Just a month after the massive WannaCry ransomware attack hit computers around the world, it appears another attack is underway across Europe and around the globe. As reported by The Verge, Ukraine appears to be the hardest hit for the moment, with its central bank, Kiev metro, Boryspil airport, and a major power supplier all being affected.
Meanwhile, Maersk, based in Denmark, has confirmed its systems are down due to a cyberattack, and even Russian oil company Rosneft has been affected. The Verge also notes sporadic reports of infections are popping up across the UK and France. Sky News has now confirmed that British advertising firm WPP has been hit with a cyberattack as well.
A Kaspersky Lab researcher on Twitter identified the culprit as a ransomware known as PetrWrap, or Petya. Symantec has since confirmed that the malware is using the same attack vector as WannaCry, which utilized a leaked National Security Agency (NSA) exploit known as Eternal Blue. Bitdefender has identified this particular attack as a strain of Petya known as GoldenEye, which encrypts both the files on a drive and the drive itself. After encryption, the ransomware asks for $300 in Bitcoin to decrypt the PC.
It's not clear just how widespread the problem is at the moment, but the attack has already spread to a number of big companies around the globe, including Merck and Mars Inc, since initially being reported. Last month's WannaCry attack was estimated to have impacted hundreds of thousands of PCs across Europe. That attack was eventually linked back to a group thought to be working out of North Korea, though this latest attack is of unknown origins for the moment.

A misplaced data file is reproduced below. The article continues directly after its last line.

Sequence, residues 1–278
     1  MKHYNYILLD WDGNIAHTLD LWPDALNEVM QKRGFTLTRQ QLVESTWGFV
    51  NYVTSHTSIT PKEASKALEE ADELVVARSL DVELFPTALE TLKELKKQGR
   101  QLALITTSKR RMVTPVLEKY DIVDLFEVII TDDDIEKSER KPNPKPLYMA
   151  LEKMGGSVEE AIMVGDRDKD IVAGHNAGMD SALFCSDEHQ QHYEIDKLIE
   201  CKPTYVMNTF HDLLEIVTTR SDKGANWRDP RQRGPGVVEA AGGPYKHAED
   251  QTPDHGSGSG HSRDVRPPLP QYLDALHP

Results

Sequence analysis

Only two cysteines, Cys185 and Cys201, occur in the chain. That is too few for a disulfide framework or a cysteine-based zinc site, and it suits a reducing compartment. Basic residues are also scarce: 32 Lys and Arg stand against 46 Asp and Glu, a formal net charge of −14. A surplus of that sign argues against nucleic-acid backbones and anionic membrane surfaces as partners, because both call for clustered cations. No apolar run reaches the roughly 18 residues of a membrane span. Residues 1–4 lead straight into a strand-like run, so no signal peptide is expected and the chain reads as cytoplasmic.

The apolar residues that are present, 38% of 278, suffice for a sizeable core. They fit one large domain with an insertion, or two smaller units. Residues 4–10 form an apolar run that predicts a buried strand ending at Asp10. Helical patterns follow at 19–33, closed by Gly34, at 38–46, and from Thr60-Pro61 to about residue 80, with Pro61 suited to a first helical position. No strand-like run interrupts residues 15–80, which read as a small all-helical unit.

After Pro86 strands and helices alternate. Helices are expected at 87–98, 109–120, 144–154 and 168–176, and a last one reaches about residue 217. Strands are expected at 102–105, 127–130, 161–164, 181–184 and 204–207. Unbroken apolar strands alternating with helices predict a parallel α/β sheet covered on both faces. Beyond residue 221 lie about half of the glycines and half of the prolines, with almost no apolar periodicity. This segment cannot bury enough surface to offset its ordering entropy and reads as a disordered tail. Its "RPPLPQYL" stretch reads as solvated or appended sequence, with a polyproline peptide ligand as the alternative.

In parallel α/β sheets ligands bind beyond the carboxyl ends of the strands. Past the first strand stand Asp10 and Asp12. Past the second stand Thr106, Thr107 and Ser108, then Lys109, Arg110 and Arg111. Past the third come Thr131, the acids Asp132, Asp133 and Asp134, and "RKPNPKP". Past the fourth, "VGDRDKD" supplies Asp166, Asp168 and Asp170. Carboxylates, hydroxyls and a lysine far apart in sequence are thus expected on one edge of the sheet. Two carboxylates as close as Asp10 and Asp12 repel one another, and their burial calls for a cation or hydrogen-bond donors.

While security firms recommend you refrain from paying the ransom, it turns out that would be useless at this point anyway. The email provider behind the account used for sending decryption keys has blocked the account, meaning anyone who has already paid the ransom wasted their money.
For its part, Ukraine is taking the attack in stride, posting the following to Twitter:
In a statement to the Verge, Microsoft commented about the new thread:
Our initial analysis found that the ransomware uses multiple techniques to spread, including one which was addressed by a security update previously provided for all platforms from Windows XP to Windows 10 (MS17-010). As ransomware also typically spreads via email, customers should exercise caution when opening unknown files. We are continuing to investigate and will take appropriate action to protect customers.
Updated June 27, 2017: Updated with more information on the ransomware's attack vector and affected companies.
Updated June 27, 2017: Updated again with statement from Microsoft via the Verge.